Dividend rebates and tax losses

As mentioned above, the multiple taxation of dividends flowing between companies is addressed through the rebate system. Under the current system, when a company in a group receives dividends and the group has tax losses from its underlying business operations in other companies, the flow of the dividends can be controlled to ensure that the benefit of the rebate (or loss) is not wasted. Controlling dividend flows to avoid such wastage has been a feature of basic corporate tax planning for a long time. The techniques used to control dividend flows do not involve avoidance of tax – they do no more than avoid destroying shareholder wealth by wasting legitimate tax losses incurred by a group.

Entry/exit rules

To facilitate exit at entity level from a consolidated group, the discussion paper proposes that the cost bases of assets (including goodwill) could be adjusted on entry by allocating the difference between equity and asset cost bases across all of the assets based on their comparative market values. On exit, the cost base of equity would be calculated by reference to the cost bases of assets in the departing entity.

Alternatively, equity cost base on exit could be established on the basis of the price paid for the equity (by the group at the time of entry into the group) plus the net change in the aggregate cost base of the assets of the entity while held by the consolidated group. Any capital gain or loss on exit would be the difference between the sum of the assets cost bases on entry and exit.

Given that the complex tracking of asset movements will still be required, coupled with the other tracing rules on exit, it is questionable whether a consolidation regime would alleviate much of the administrative complexity for corporate groups. It could even make it more complex.

Joint and several liability

It would seem from the proposals that, on exiting the group, the deconsolidated entity takes with it none of the group’s beneficial tax attributes such as accumulated tax losses and franking credits.

The argument could therefore be made that because the deconsolidating entity would forego the tax attributes it generates while a member of the consolidated group when it exits, it should also be entitled to forego any associated liability, at least from a tax perspective.

The resolution of this issue is important, particularly as it is likely to impact on the value placed on acquiring other entities that are members of consolidated groups.


The PPMFA would support a consolidation regime which has the following features:

  • Elective.
  • Does not require a resident Australian holding company.
  • Preserves existing carry forward losses and franking credits.
  • Allows for more than one consolidated group within a wholly owned group of companies.
  • The consolidation rules should not replace the current grouping rules, but should operate alongside or within the current grouping rules.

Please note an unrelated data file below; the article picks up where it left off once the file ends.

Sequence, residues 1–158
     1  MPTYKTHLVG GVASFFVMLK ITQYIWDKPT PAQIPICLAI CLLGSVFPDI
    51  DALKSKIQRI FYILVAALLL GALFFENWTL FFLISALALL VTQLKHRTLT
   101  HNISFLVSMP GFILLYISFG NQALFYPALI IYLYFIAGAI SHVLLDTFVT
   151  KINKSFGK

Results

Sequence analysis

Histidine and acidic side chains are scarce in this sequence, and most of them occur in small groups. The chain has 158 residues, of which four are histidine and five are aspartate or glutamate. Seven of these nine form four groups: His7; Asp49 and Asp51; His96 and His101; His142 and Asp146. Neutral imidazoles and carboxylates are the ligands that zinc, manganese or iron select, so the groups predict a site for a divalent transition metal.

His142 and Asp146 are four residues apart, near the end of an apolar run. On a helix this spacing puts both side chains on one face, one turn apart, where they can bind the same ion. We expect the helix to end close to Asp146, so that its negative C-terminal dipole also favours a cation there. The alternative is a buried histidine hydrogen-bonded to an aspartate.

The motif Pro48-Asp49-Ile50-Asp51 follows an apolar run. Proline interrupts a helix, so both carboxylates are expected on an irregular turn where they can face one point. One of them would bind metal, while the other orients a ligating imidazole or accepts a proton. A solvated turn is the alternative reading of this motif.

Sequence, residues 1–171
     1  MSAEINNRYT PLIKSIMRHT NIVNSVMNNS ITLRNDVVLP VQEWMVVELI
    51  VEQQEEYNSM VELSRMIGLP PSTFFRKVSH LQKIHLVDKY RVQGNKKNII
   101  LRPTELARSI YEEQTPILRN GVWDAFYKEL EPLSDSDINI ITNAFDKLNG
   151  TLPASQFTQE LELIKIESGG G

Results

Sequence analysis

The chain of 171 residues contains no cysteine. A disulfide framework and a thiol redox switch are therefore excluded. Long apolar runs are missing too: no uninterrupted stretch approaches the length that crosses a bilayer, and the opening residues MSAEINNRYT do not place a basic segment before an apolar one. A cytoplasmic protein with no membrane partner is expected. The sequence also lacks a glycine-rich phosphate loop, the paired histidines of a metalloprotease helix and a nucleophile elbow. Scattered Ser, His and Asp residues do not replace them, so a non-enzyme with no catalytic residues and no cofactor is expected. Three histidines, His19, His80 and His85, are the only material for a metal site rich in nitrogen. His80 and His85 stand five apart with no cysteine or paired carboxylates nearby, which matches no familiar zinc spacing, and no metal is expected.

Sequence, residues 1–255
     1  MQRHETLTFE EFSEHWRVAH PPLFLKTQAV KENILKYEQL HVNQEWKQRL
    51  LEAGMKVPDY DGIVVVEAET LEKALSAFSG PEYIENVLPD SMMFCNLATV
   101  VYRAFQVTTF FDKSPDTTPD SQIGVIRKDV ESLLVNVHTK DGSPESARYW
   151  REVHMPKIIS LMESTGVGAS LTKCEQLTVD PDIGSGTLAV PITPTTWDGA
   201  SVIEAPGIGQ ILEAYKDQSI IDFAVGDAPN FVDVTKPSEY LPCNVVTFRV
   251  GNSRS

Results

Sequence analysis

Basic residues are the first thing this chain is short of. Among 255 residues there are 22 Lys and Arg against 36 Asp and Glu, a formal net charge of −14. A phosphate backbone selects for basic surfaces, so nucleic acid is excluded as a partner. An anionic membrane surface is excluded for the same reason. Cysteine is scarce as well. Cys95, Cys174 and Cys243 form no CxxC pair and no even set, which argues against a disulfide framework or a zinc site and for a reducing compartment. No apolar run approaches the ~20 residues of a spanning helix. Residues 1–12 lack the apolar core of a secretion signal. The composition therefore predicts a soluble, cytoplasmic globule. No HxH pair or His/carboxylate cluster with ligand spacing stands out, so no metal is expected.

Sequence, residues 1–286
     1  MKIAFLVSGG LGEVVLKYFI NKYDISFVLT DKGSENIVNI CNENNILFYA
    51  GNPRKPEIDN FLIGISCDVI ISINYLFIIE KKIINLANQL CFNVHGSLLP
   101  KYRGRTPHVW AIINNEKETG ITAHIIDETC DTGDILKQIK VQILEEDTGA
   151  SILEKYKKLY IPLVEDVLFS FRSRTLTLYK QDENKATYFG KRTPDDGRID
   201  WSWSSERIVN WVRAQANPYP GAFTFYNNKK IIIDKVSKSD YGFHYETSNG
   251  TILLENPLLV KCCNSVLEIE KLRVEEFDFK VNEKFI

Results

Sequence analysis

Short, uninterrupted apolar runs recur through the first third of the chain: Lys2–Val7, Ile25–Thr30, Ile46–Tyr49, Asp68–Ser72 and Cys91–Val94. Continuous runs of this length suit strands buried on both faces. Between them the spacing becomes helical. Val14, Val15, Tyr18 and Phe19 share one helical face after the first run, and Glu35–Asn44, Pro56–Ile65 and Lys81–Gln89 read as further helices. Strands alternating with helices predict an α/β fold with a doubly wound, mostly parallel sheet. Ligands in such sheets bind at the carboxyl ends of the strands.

• Any perceived deficiencies within the grouping provisions should be fixed with amending legislation.


Currently expenditure on planting and raising crops for sale or use in a business is immediately deductible for tax purposes. However, crops do not constitute trading stock for tax purposes until harvested. Accordingly, there is no requirement to bring their value to tax until they are either harvested or sold with the land. For annual crops this treatment does not raise significant problems. However for long-life crops, the Ralph Committee considers that current treatment provides a significant tax deferral benefit that is not available to other investments.

The reform option proposed is to move the tax treatment closer to accounting treatment, and defer deductions on planting and raising crops until the value of the crop is realised.

The PPMFA strongly supports the retention of immediate deductibility for the following reasons:

  • Removing the immediate deductibility will result in a substantial one-off increase in the after tax cost of annual plantation investment now, and over the longer term will be a substantial impediment to increasing the area of new plantings.
  • The Accounting Standard AAS 35 provides the ability to expense as incurred plantation development and maintenance costs for statutory reporting purposes.
  • Tree plantations are a long-term investment.
  • Investors have to wait a long time (20-30 years) for their first returns.
  • Plantations already face a substantial impediment to investment because of the lack of efficient secondary markets. This situation is exacerbated by the inability to gain immediate deductibility for the purchase of standing trees.
  • Plantations are often low yielding assets with slow asset turnover.
  • New plantations create substantial downstream processing opportunities and jobs in value-added downstream processing in regional Australia (1 direct job + 3 indirect jobs for every 1,000m3 harvested).
  • A supportive taxation regime is required if the Federal and State Governments’ 2020 Vision for a tripling of plantation development is to be realised.
  • Removing the immediate deductibility will substantially reduce the IRRs on already low yielding assets and cause a cessation of new planting.